2021-2022 Season,  Pride and Prejudice

Dancing Through the Ages and Adaptations of Jane Austen

by Emma Rollins, dramaturg

What kind of person are you at a dance? Are you more like Lydia, who loves to dance and be the center of attention? Or are you more like Mr. Darcy, who sticks to the walls and maybe eats a few refreshments. Or are you somewhere in between? 

No matter what, the likelihood of you dancing or at least watching someone else dance semi-often in your life is fairly high. Although we may now only do the current popular Tik Tok dance or stream Dirty Dancing (or some other film) to watch the professionals, dance remains prominent in our daily lives. 

During Jane Austen’s time, dance was a very popular pastime and form of entertainment. Both community and private balls were an excellent opportunity to mingle with people (and start a romance) and exercise. 

As you watch the show you may notice the dancing isn’t always the calm dancing you see in the films, or even historically accurate. You may also notice some tunes that were written well after the Regency Period. Melanie Cartwright, the choreographer, incorporated dances such as waltz, quadrille, contra, polka, and even line dancing! Stephanie Brienholt, the director, wanted to subtly incorporate both old and new concepts, trends, re-interpretations and adaptations in our re-telling of Pride and Prejudice. Like a palimpsest (typically a document that has many layers and levels of writing that’s been added to and built upon) Pride and Prejudice has had so many editions and adaptations which our production builds upon. 

Learn a Contra!  Jacob Hall’s Jig  is a contra dance from England circa 1695. This fun, lively dance was probably performed and participated in at many parties and dances during this time and probably even during Jane Austen’s life. I had the opportunity to teach the actors this dance to help them understand the dancing of Austen’s lifetime. Oftentimes we picture the slow contra dances with couples having conversations and staring deep into each other’s souls, such as what we see in many classic adaptations of Pride and Prejudice. However, Jacob Hall’s Jig isn’t the same. The music is lively and the steps are quick, showing the versatility of the types of dance and music that existed before and during Austen’s life. 

During a dramaturgy workshop, the actors (and stage managers) learned Jacob Hall’s Jig (Photo Credit: Lillian Bills)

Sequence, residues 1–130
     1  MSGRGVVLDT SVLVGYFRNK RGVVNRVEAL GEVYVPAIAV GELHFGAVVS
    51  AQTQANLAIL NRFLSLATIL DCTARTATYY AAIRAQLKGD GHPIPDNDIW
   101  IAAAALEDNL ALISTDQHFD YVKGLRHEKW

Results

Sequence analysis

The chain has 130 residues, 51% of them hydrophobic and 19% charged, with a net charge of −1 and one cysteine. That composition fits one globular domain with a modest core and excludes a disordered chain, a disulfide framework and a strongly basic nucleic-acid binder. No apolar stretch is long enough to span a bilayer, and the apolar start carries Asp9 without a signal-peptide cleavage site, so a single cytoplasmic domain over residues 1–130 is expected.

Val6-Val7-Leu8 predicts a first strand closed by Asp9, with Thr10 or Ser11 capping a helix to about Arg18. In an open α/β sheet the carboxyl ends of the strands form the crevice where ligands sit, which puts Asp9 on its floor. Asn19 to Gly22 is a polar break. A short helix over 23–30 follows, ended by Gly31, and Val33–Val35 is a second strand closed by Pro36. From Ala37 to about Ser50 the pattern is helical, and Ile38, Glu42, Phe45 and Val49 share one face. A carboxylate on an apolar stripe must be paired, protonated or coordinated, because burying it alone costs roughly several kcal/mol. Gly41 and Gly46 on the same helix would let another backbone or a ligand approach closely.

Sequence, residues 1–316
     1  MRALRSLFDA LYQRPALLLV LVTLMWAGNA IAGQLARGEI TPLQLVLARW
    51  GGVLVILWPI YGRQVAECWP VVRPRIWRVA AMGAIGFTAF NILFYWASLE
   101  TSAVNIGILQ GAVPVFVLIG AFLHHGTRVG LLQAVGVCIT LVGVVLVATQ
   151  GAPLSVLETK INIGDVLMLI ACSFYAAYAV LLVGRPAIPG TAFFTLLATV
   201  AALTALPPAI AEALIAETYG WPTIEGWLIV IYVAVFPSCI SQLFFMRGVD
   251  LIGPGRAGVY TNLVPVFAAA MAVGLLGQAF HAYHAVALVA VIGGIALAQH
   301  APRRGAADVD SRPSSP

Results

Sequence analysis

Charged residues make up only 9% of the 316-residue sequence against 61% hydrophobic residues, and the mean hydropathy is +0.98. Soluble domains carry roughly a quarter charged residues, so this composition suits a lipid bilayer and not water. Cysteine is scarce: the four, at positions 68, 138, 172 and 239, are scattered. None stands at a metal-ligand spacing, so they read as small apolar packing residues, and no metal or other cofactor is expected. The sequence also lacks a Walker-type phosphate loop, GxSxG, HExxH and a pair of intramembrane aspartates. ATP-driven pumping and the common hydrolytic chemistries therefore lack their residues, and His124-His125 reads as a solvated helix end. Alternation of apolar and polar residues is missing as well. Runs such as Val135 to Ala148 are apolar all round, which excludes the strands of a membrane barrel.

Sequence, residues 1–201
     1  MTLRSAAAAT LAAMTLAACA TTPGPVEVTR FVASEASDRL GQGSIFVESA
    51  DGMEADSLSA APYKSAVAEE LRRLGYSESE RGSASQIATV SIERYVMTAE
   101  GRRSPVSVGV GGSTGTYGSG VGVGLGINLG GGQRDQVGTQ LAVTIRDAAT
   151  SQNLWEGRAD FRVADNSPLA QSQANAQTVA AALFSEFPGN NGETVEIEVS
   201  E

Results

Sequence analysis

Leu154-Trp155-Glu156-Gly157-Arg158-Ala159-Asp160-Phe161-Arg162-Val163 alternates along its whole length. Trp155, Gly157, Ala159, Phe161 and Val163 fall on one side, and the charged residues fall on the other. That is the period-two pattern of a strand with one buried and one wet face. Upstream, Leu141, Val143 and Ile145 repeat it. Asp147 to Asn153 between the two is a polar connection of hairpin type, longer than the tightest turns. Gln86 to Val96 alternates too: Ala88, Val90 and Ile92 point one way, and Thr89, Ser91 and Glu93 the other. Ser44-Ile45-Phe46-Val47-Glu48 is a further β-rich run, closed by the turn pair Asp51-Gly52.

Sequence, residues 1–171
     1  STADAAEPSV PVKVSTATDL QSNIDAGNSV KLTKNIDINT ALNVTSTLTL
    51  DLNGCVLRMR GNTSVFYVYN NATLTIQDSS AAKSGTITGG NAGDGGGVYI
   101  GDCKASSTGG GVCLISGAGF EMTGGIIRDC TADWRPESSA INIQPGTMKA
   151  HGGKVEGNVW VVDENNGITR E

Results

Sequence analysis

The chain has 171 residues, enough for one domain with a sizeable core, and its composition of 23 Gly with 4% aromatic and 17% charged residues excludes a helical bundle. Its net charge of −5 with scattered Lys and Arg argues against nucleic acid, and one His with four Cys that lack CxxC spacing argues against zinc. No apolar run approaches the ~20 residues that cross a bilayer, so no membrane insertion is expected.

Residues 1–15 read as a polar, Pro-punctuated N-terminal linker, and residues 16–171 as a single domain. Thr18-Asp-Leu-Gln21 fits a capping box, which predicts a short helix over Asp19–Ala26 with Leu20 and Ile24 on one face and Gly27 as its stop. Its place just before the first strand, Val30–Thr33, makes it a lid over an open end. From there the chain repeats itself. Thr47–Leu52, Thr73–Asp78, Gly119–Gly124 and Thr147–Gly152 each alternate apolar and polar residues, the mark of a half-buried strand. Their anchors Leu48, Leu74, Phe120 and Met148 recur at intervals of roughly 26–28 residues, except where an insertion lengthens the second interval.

Background Information to know before you start:

Types of Sets: 















M: Man

W: Woman


CCW: Counterclockwise (also known as Line of Dance or LOD)

CW: Clockwise (also known as Reverse Line of Dance or RLOD)

World: The group of two couples that do the dance together as 1st and 2nd couples


Jacob Hall’s Jig

Formation: Longways Proper Set, Duple Minor (2 couples)

To help with any confusion here are some slides breaking down each of the steps to help you work through it. Here



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Section Measure Pattern
A1 1-4 1st Man takes 2nd Woman by right hand and goes around once CW
A1 5-8 2nd woman switches to take left hand of 1st man opening up so 1st Woman can grab right hand with 1st Man and left with 2nd Women. Circle once, CW, then everyone goes home.
A2 1-4 2nd Man takes 1st Woman by left hand and goes around once CCW.
A2 5-8 Switch hands opening up so 2nd Woman can grab right hand with 1st woman and left with 2nd Man. Circle once, CCW, then everyone go home.
B1 1-4 1st First couple grab hands (W: Right, M: Left) walking down the set, in the middle, between and past the 2nd couple.  Then they change hands, turning in towards each other and grab other hands walking back. Stopping between couple 2.
B1 5-8 All four take hands walking up the set for 4 counts Everyone walks back for 4 counts, ends start to come in towards each other to close off the circle. (Everyone facing Center)
B2 1-4 They all circle CW until they end up where they started this new circle. 2nd Couple should now be where the first couple started at the head.
B2 5-8 1st leads up the set back through the 2nd couple, this time they cast off, pushing away and walking away from their partner and circling around the outside of the 2nd couple. Coming into the 2nd couple’s original spot.


Repeat down the line. 1st will now be with a new 2nd couple and the original 2nd on the very end will get a break. After your break on either end, you come back in as the other couple until music ends. 



  • Spencer

    This is such a fun idea! I wonder how dancing could be incorporated into educational packets that get sent to schools when they see a BYU production. I am not much of a dancer but I think there is something so cool about being able to do the same actions that people throughout history did!

  • Reyna

    I love this!! Whenever I see dance scenes from this era I’m so jealous that we don’t have dances like these today, dances that everyone just recognizes and knows how to do. We have whipping and dabbing and all that, but it’s so cool how coordinated these dances were and how it’s a group effort rather than individual moves. I suppose we do have line dances, which is pretty close, but I’d love it if we could bring back fun partner dancing (and not just the rocking back and forth kind. Boring.)

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